Seems easy enough I want a McAntoish apple
<p>Apple trees do NOT produce &quot;true to seed&quot; That is, if you plant a seed<br> from a McIntosh apple, you will NOT get a McIntosh. It is generally understood that the chances of getting a &quot;delicious&quot; apple from seed are <br>approximately one in ten thousand (1:10,000), but think it's probably a <br>bit lower than that. Apples, like most things(including us) are genetically diverse. If you want a McIntosh apple, you will have to find someone with a McIntosh apple tree, get some scion wood from that tree and graft it onto your seedling. Good luck!</p>
<p>Can I just not use a scion and graft a tree into my apple seedling? I literally have only one seedling, found from an apple that had a seed already sprouting inside, and I don't have the money nor the pots to grow another apple seedling. Also, I mean, that's sort of silly, I mean, one thing is wanting to grow a variety of apple, another is wanting to grow an apple tree. I want to do the latter, I'm a gardener, not a fruit cultivator, my project is to see if I can make the apple seedling become a tree.</p><p>Also, I have another question, related to an issue I've noticed on my tree. You see, my apple tree was fine and dandy until I took it outside, where it started having some spots that I thought it was cedar apple rust, so I started treating for it with some home remedies (since I have no money for buying anything), and I thought it was sort of okay. But then, I transplanted it to a new pot, because it was obviously too large for the little ceramic pot it was in, and I used soil from a local forest I live nearby, that I knew from the past to be very rich, as it's a forest bordering a wetland, and I had used this soil to supplement my flower garden and even my vegetable garden on the past, it's very nice, a bit too easy to make it compacted, but otherwise, not bad at all, the patch I got from had even some yellow soil, which I read up online that it means it's a soil high in iron oxides. Also, fearing that the soil might be lacking nitrogen, I even watered the tree with MiracleGro once after transplanting it. But the older leaves started turning this shade of dark brown, from the borders in, in addition to the spots I thought that was cedar apple rust, and are turning sort of crispy. I took it into my house, because I wanted to stop the rust from spreading, clipped off the leaves that were affected, and then left it on a eastern window (we don't have southern facing windows here), and it keeps on making new growth, but yet, the older growth grows rusty spots and starts turning dark, dark brown from the edges in, following the veins. What is going on? Why is my apple seedling acting like that?</p>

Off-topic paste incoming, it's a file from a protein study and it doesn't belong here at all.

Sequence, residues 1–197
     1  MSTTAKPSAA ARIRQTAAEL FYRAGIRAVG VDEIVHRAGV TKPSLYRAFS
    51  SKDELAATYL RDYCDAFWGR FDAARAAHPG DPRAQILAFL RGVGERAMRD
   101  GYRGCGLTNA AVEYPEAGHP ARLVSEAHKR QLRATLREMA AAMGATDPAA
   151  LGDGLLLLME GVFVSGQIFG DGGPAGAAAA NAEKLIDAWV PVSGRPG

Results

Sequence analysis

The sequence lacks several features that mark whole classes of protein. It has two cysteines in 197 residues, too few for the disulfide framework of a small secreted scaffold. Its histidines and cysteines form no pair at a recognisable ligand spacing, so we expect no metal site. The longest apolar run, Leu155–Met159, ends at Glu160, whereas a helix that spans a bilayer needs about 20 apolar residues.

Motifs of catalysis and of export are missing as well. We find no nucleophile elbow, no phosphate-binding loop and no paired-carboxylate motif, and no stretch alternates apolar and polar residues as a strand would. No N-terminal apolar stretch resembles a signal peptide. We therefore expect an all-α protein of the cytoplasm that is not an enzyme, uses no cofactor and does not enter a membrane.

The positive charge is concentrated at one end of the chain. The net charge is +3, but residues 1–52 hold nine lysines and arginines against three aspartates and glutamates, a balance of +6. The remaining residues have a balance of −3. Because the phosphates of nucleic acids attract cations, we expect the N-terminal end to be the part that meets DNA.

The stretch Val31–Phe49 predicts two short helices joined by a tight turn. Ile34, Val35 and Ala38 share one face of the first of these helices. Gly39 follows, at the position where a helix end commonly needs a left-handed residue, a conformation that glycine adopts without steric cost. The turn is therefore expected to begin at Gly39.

Can i use the same tree to take scion wood?<br>Or i need anothEr one?<br>Thank you.<br>
It takes 2 different trees to make babies. Just like people :)